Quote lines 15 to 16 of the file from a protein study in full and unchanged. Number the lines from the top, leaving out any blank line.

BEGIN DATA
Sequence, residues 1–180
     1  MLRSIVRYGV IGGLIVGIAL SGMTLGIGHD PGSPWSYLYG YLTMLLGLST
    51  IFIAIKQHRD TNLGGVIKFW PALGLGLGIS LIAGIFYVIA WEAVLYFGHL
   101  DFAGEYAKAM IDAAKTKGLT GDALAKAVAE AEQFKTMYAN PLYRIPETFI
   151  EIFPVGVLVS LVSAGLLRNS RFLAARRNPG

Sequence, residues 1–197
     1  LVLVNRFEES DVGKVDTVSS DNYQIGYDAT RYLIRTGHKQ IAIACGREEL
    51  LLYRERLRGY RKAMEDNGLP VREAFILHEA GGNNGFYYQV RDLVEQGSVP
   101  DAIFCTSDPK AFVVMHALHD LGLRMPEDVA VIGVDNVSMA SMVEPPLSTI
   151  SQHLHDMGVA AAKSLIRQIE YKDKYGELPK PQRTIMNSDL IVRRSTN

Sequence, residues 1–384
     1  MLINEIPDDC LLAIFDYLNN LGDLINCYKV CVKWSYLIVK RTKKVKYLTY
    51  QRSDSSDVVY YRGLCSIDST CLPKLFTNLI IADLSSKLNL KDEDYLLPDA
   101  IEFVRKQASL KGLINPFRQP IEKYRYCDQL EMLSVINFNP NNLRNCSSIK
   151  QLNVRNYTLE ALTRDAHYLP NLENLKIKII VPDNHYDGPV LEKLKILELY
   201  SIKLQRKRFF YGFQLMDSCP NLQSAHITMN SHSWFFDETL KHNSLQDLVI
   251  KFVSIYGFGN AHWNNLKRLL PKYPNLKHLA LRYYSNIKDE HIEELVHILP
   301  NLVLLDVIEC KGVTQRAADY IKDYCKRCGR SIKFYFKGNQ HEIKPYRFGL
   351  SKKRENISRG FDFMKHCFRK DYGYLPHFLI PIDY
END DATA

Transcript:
   151  QLNVRNYTLE ALTRDAHYLP NLENLKIKII VPDNHYDGPV LEKLKILELY
   201  SIKLQRKRFF YGFQLMDSCP NLQSAHITMN SHSWFFDETL KHNSLQDLVI